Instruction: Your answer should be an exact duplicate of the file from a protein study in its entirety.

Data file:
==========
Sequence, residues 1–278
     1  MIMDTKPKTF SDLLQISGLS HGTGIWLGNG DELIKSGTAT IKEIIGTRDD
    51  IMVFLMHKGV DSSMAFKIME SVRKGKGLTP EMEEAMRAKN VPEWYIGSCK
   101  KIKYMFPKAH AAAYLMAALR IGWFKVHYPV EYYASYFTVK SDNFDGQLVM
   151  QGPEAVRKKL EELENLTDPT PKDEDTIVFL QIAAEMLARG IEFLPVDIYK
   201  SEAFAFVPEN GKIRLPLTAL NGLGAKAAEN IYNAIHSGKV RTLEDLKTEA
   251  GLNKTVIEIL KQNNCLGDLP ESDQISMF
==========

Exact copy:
Sequence, residues 1–278
     1  MIMDTKPKTF SDLLQISGLS HGTGIWLGNG DELIKSGTAT IKEIIGTRDD
    51  IMVFLMHKGV DSSMAFKIME SVRKGKGLTP EMEEAMRAKN VPEWYIGSCK
   101  KIKYMFPKAH AAAYLMAALR IGWFKVHYPV EYYASYFTVK SDNFDGQLVM
   151  QGPEAVRKKL EELENLTDPT PKDEDTIVFL QIAAEMLARG IEFLPVDIYK
   201  SEAFAFVPEN GKIRLPLTAL NGLGAKAAEN IYNAIHSGKV RTLEDLKTEA
   251  GLNKTVIEIL KQNNCLGDLP ESDQISMF